How come all the jobs on a boat have to start out so shitty?  I mean honestly, its like a thing.  Literally in this case.  I was determined to use some of this vacation time to get down to business on the front of the boat.  The first order of business is to get our new stem fitting installed so I can line up the new sprit.  In addition of course I need to make all the deck repairs up front before putting the new bolts in place.  So what do I do?  Go up to the front of the boat so I can get at the stem fitting chain plate.  Well you know what I discovered?

I can’t fit up there.  And on that particular day Dani wasn’t with me.  So without my lemming to shove into tight and impossible spaces I had to get up there myself.  And to do that I needed to stand in the forward most storage space under the v-berth.  The only problem with that is the space was occupied by the old holding tank.  (For you non-sailors:  The big jug that holds all the sewage).   And well… We all know how that ends.

Of course it took me hours to get this tank out of there.  And so my day drew to a close.  And the next day I go back, but this time I have Dani so all my labor to get that tank out of the way was really for nothing.  Well, at least its out of there now.  Anyway… Continuing on.

I sent my lemming in to investigate the bolts that hold the stem fitting on the front of the boat.

And then I sent her in with some vice grips to hold onto those nuts so I could remove the bolts.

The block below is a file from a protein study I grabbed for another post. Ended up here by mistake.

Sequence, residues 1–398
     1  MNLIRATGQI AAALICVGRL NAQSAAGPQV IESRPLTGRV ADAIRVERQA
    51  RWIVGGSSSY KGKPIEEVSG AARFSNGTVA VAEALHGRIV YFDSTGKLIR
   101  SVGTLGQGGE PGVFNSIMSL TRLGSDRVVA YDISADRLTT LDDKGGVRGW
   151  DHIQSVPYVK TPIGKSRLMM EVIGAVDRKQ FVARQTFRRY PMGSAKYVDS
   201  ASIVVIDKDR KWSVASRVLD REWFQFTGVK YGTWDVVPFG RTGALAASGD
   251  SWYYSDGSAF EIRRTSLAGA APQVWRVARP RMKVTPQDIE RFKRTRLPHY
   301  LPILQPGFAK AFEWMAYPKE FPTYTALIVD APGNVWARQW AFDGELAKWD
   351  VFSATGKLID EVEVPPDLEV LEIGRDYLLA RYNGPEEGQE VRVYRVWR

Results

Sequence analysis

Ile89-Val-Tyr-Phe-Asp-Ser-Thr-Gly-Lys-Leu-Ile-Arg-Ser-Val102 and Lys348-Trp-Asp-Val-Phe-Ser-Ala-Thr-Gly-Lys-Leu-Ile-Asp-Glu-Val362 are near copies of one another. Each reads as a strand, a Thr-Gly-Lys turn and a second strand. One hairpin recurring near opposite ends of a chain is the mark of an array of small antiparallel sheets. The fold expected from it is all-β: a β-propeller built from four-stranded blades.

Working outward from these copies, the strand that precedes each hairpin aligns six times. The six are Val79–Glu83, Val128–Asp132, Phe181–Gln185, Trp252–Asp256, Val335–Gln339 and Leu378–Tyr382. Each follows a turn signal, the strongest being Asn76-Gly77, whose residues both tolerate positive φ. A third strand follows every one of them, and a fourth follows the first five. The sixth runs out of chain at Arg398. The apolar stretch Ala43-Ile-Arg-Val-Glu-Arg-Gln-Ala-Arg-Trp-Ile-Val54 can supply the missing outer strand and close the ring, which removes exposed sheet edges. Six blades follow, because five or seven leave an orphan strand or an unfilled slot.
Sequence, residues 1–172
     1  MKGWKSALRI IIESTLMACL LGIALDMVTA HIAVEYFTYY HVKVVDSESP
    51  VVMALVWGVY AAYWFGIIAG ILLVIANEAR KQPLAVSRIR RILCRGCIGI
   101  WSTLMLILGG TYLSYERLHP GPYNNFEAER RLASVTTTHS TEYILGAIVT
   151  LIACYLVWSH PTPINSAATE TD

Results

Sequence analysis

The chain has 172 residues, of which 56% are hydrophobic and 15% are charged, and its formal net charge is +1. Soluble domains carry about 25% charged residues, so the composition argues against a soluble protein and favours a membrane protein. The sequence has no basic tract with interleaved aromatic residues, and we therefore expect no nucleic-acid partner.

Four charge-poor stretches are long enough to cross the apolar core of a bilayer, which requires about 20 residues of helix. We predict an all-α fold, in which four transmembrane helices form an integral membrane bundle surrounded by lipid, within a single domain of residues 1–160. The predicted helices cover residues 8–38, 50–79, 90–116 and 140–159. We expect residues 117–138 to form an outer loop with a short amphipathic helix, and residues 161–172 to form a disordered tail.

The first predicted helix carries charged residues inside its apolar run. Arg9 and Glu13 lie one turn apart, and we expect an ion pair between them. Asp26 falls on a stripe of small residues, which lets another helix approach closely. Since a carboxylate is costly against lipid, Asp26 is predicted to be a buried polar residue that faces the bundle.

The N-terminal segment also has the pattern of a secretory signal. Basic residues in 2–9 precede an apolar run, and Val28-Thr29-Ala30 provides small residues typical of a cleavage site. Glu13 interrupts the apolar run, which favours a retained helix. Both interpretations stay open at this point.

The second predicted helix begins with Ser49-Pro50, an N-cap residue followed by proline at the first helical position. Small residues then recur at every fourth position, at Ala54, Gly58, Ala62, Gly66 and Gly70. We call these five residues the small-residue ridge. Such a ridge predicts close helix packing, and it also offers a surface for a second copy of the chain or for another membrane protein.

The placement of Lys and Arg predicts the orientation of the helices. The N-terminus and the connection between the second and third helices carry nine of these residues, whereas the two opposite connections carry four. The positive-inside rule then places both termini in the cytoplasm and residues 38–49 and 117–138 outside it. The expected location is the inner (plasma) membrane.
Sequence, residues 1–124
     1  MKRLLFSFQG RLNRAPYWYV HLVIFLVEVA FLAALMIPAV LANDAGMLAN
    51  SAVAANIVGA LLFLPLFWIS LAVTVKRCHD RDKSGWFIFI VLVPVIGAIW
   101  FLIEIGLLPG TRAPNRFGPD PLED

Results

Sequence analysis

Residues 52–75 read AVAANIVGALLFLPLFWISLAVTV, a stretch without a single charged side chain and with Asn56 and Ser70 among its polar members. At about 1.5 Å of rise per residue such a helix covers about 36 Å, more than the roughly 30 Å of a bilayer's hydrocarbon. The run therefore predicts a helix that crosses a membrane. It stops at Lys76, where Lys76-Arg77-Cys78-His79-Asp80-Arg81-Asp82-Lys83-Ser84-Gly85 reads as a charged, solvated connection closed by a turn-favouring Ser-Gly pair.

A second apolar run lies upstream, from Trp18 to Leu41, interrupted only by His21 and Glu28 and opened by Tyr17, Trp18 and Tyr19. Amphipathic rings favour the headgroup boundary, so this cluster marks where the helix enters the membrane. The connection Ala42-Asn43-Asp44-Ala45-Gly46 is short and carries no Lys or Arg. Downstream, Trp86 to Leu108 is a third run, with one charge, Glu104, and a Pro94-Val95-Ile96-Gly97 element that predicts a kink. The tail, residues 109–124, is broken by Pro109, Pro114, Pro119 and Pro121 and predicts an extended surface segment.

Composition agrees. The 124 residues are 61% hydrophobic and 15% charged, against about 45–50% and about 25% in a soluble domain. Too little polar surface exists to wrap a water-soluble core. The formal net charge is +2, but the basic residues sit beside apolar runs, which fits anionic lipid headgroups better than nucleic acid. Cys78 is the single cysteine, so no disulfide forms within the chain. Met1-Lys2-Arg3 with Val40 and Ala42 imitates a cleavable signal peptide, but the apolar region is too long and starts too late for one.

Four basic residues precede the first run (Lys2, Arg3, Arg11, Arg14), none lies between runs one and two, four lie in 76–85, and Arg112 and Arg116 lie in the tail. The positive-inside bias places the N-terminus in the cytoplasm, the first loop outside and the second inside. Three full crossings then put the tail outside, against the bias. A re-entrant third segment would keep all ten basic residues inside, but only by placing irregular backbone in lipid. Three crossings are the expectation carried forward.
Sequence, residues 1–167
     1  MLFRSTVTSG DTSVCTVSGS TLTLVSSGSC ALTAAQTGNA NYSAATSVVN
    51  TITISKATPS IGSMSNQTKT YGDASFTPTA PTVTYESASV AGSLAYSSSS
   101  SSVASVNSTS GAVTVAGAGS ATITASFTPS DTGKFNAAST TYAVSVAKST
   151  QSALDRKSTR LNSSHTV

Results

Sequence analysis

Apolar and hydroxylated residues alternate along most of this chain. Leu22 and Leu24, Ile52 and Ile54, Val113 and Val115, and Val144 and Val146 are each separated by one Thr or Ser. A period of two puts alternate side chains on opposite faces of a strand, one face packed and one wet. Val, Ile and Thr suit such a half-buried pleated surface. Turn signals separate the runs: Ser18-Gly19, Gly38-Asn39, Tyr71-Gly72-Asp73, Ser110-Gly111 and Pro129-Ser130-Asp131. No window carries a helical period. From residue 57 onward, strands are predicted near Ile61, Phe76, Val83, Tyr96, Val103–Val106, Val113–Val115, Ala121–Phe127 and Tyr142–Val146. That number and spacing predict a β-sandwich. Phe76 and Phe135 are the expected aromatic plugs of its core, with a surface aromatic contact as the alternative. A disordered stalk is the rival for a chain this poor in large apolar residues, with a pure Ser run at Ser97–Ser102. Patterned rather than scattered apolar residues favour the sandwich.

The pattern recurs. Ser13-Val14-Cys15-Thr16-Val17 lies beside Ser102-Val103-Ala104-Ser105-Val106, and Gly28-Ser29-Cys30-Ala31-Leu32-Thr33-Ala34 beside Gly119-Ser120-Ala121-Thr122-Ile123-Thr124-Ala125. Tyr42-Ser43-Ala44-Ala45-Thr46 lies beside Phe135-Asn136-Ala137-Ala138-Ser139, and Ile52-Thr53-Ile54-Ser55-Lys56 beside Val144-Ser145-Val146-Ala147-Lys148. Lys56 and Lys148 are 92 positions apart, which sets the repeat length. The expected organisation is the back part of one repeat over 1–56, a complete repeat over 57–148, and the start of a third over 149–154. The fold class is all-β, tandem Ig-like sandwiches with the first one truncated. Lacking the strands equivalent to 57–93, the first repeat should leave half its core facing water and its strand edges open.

Now of course it gets interesting.  Why are we using vice grips?  I’ll explain.  The bolts that held the old chainplate in place had 9/16″ heads on them.  At first I sent Dani in with a 9/16″ wrench which she said was too small.  So I hand her a 5/8″ wrench which she says is too small.  Then I hand her a 3/4″ wrench which she says doesn’t fit either.  Then she starts telling me it must be metric?  What the heck is going on there.  Could the corrosion on those nuts be such that they blocked the wrench?  I didn’t know but I didn’t care.  The vice grips were deployed.   And soon…

Victory.  The old fitting was removed from the stem of the boat.

Once I got another look at the nuts I saw something I’ve never seen before.  These nuts are very large and not even close to the same size as the bolt head.  They also appear to be sleeved.  Its almost like someone took a big oversized nut and put a sleeve into it so it would fit the 9/16″ bolts.  Very odd.   They were very badly corroded.  One of them literally split in half on removal though the inner sleeving material held together.

I went ahead and got busy with a scraper to remove all the old caulk off the stem of the boat in preparation for the install of the new chainplate that will replace it.

And we rounded out the day by filling some of the non-structural holes left in the deck from the removal of all that teak.

We cut it close since it is supposed to freeze tonight and the resin clearly states it will not cure in sub 40 degree F temperatures.  Tomorrow I am hoping to get the new stemfitting bolted onto the boat and also to grind down the remainder of the sampson posts that still protrude above the deck.

Oh, and as to the phoenix reference.  I’m going to cut that old stem fitting off and use it as a backing plate under the deck for the new sprit.